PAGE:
A Hamilton expert frequently cited in the LRT debate says a recent poll gauging public support relies too heavily on senior citizens, and not enough on younger residents who will have to live with the project for the next 50 years.

'It's really clear to me that the boomers have spoken.' - Christopher Higgins

Christopher Higgins, a quantitative geographer and spatial analyst with McMaster University's Institute of Transportation and Logistics, says the survey has a lack of respondents aged 18 to 34, which calls the results into question.

Nine councillors hired Forum Research to survey 3,324 Hamiltonians from March 30 to April 4. Of those, 131 were aged 18 to 34 and 1,391 were 65 and up. 

The pollster says the disparity stems from how they were contacted. Ninety-four per cent were reached on land lines, and just six per cent on cell phones.

"People aged 18 to 34 are harder to reach, so they are usually underrepresented in public opinion polls," said Forum president Lorne Bozinoff.

The poll is also weighted, he said, so that millennial voices are given more weight in the overall total, to account for that.

"This exact shortfall — the underrepresentation of millennials — is found in just about all surveys, but when the results are weighted, we get excellent predictive results."

Higgins argues that even with the weighting, the sample size for ages 18 to 34 is too small to get an accurate reading of the viewpoints of that age group. The smaller the sample, he said, the larger the margin of error.

Chart

This chart shows the age ranges surveyed.

One hundred and thirty one people, he said, isn't enough to speak for 115,000 Hamiltonians in that demographic.

"When I break it down by age group, it's really clear to me that the boomers have spoken," said Higgins, who co-authored the report The North American Light Rail Experience: Insights for Hamilton.

"The voice of the younger generation, those under 35, has really been lost in this discussion."

Mayor Eisenberger and Waterloo councillors talk LRT1:19

But Bozinoff notes that the survey showed found people using cellphones are even less likely to be in favour of LRT. Among cellphone users, 34 per cent approved, 57 per cent disapproved and 10 per cent were undecided.

The survey also has more millennials opposing the project than supporting it. Of the respondents, 47 per cent disapprove of it.

George Murray

The CBC interviewed George Murray of Prince Edward Island last year about him still having a rotary phone. Forum Research says the advent of cell phones make it harder to reach millennials, which was the case with Hamilton's recent LRT survey. (Laura Meader/CBC)

Higgins, however, calculates the margin of error on that sample as meaning that number of millennials disapproving could be anywhere from 38 to 56 per cent.

Hamiltonians aged 65 and up were more likely to oppose LRT, with 54 per cent saying they disapprove.

City councillors will debate LRT at a meeting Wednesday. They must approve the most recent plan — an update to a 2011 environmental assessment — and send it to the province for the project to proceed.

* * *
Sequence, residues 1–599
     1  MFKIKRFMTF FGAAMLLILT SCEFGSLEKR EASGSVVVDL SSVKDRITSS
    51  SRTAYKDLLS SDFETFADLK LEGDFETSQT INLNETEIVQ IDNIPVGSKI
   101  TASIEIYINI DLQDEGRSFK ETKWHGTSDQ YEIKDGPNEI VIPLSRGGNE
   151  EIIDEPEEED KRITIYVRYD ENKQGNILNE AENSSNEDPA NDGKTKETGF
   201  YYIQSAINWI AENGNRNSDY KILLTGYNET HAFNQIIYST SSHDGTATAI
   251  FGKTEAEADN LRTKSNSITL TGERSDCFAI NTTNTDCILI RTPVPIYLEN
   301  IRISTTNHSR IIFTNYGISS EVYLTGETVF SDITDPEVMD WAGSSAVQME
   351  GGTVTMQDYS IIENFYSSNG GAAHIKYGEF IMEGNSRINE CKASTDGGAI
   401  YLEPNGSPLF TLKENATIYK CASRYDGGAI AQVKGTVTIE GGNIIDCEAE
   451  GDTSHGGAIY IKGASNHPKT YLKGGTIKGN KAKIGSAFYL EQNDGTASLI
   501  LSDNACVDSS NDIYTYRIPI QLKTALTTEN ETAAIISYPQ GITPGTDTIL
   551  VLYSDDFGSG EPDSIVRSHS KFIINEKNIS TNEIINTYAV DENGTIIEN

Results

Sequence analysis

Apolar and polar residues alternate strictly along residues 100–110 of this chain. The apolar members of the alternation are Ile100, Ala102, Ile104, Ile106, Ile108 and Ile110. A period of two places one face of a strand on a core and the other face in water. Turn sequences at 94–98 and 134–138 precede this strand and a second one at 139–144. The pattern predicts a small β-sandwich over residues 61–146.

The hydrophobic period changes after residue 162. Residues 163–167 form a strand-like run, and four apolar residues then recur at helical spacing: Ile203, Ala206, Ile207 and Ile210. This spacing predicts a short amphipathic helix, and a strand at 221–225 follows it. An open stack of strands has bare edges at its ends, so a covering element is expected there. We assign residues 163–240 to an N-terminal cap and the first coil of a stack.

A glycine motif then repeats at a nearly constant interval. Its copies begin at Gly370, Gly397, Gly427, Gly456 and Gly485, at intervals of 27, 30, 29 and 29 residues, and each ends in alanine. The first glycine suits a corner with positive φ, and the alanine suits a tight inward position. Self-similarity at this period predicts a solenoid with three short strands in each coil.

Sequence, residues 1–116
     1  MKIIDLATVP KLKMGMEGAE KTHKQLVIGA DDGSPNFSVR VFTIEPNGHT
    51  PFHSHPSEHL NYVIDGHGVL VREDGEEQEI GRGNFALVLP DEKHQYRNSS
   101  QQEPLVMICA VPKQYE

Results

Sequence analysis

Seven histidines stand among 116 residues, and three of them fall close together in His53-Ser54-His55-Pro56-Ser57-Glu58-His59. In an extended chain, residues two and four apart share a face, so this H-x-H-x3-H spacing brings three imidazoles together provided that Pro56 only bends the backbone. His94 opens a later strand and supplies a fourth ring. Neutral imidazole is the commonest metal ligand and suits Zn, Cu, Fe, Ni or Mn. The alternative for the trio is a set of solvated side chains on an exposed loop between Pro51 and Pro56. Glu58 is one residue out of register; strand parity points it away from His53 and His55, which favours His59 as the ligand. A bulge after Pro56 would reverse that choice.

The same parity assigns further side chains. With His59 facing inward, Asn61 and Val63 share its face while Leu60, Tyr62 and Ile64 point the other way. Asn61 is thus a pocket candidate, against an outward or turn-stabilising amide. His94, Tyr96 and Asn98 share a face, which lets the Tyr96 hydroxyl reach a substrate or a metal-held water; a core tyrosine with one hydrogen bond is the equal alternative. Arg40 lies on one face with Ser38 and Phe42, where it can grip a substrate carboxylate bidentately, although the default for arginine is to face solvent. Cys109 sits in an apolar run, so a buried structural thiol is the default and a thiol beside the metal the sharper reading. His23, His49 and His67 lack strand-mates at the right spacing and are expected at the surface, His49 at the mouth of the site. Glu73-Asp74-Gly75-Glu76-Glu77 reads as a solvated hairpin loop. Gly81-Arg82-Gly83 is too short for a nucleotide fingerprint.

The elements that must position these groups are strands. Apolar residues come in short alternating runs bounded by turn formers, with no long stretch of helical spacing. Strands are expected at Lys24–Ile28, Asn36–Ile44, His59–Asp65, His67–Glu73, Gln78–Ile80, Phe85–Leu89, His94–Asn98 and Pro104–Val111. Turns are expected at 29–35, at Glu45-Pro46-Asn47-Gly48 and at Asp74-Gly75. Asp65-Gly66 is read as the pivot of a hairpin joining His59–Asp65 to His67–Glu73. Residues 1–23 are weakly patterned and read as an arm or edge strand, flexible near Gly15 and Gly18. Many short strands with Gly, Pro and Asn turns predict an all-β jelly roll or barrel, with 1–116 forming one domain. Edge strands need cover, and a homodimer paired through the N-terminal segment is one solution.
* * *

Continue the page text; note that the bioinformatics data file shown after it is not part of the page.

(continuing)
Poll results by the numbers

Dates of the phone poll: March 30 to April 4

Sample size: 3,324

Margin of error: +/- 1.7 per cent for the overall percentages.  That margin goes up ( it isn't specified in the poll tables) for any breakdowns: gender, age, location, income, etc.

Questions:

  • How familiar are you with the LRT project? (Very familiar, somewhat, not very, not at all, unsure)
  • Do you approve or disapprove of this LRT project? (Approve, disapprove, undecided)
  • Should the city hold a referendum to consult voters prior to any final approval or disapproval of this project? (Yes, no, undecided)

Those who said they were very familiar with the project: 46 per cent.

Somewhat familiar: 36 per cent.

Not very: 13 per cent.

Not at all: 4 per cent.

Those very familiar with it were more likely to be 34 or younger (53 per cent), men (55 per cent), the most wealthy (59 per cent), and have a college/university degree (48 per cent) or post-graduate degree (48 per cent). They were also more likely (54 per cent) to live in the lower city.

People who disapproved of LRT tended to be 65 and up (54 per cent) and earn $20,000 to $60,000. Half had a college or university degree. Disapproval was most common for people living in Ancaster, Dundas and Flamborough.

People who approved tended to be aged 35 to 44 (47 per cent), and the most wealthy. They tended to have a post-graduate degree (45 per cent) and live in the lower city (43) or Stoney Creek/Glanbrook (42).

Respondents by age and gender: 

  • Aged 18 to 34: 131 people.
  • 35 to 44: 312.
  • 45 to 54: 598.
  • 55 to 64: 892.
  • 65+: 1,391.
  • Men: 1,615.
  • Women: 1,654.

Location of respondents:

  • Stoney Creek and Glanbrook: 785 people. (40 per cent said they were very familiar, 38 per cent somewhat familiar.)
  • Hamilton Mountain: 578. (45 per cent very familiar, 40 per cent somewhat familiar.)
  • Lower Hamilton and downtown: 1,008. (54 per cent very familiar, 34 somewhat familiar.)
  • Ancaster, Dundas, Flamborough: 953. (42 per cent very familiar, 35 per cent somewhat.)

Of respondents very familiar with the project, 59 per cent disapprove and 41 per cent approve. Of those who are not at all familiar, 68 per cent disapprove and 32 per cent approve. Of those who are somewhat familiar, it was an even split.

Councillors who participated:

  • Sam Merulla (Ward 4).
  • Tom Jackson (6). 
  • Donna Skelly (7).
  • Terry Whitehead (8).
  • Doug Conley (9).
  • Maria Pearson (10).
  • Arlene VanderBeek (13).
  • Robert Pasuta (14).
  • Judi Partridge (15).

samantha.craggs@cbc.ca | @SamCraggsCBC